- Homeland Security is proposing for the expanded implementation facial recognition checks for arriving and departing passengers
- They want US citizens, who used to be exempted from this, to also be subjected to facial recognition when they enter and exit the US
- This proposal was not welcomed by some, including the largest civil liberties groups ,citing a number of reasons including privacy concerns
The Department of Homeland Security (DHS) is pushing for the expanded implementation of existing facial recognition checks for arriving and departing passengers to include US citizens who used to be exempted from this.
Homeland Security proposed that all travelers, US citizens or not, be subjected to facial recognition when they enter and/or exit the US.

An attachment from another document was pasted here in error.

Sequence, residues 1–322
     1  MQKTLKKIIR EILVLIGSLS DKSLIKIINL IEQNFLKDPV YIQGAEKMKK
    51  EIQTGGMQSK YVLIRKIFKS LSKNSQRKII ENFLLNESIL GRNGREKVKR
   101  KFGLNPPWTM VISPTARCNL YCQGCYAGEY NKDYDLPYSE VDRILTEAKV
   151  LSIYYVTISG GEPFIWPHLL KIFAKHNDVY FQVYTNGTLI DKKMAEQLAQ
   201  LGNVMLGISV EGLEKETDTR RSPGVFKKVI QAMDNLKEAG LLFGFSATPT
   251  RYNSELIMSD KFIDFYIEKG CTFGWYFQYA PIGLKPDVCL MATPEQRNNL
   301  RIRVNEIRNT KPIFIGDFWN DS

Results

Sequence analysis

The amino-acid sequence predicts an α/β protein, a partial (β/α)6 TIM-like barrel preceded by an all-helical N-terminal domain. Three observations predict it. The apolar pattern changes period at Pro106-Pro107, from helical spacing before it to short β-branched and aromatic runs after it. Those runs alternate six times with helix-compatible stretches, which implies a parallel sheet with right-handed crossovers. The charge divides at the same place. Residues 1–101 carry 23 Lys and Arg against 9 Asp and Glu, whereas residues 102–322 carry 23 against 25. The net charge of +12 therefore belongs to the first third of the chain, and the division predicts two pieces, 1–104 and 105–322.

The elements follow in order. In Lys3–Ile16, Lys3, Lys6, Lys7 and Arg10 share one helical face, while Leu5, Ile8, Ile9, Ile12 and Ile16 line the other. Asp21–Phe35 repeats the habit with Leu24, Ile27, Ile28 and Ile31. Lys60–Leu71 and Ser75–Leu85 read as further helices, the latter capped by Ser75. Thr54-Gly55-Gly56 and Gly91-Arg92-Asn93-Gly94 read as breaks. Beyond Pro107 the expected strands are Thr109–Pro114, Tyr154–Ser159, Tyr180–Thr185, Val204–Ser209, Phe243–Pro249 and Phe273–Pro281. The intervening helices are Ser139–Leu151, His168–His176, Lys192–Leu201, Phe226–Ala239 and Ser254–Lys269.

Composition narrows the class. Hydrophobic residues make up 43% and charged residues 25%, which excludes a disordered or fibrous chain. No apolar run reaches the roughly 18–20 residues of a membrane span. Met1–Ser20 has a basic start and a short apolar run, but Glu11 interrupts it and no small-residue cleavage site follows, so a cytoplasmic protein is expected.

In the past years, Homeland Security has been beefing up its effort to reach their target of setting up facial recognition scanners in the 20 largest airports in the US. They have started with intensified implementation of facial recognition for departing passengers so they can catch those who have overstaying visa.
This change is not welcomed by citizens who used to be exempted from this. In fact, the largest civil liberties groups have been very vocal about their opposition to this; citing a number of reasons including privacy issues.
“Travelers, including U.S. citizens, should not have to submit to invasive biometric scans simply as a condition of exercising their constitutional right to travel. The government’s insistence on hurtling forward with a large-scale deployment of this powerful surveillance technology raises profound privacy concerns,” American Civil Liberties Union senior policy analyst Jay Stanley said; citing data breach of some 100,000 license plates and traveler images last June.
Stanley also said that the government “cannot be trusted” with this technology so he called on lawmakers to step in.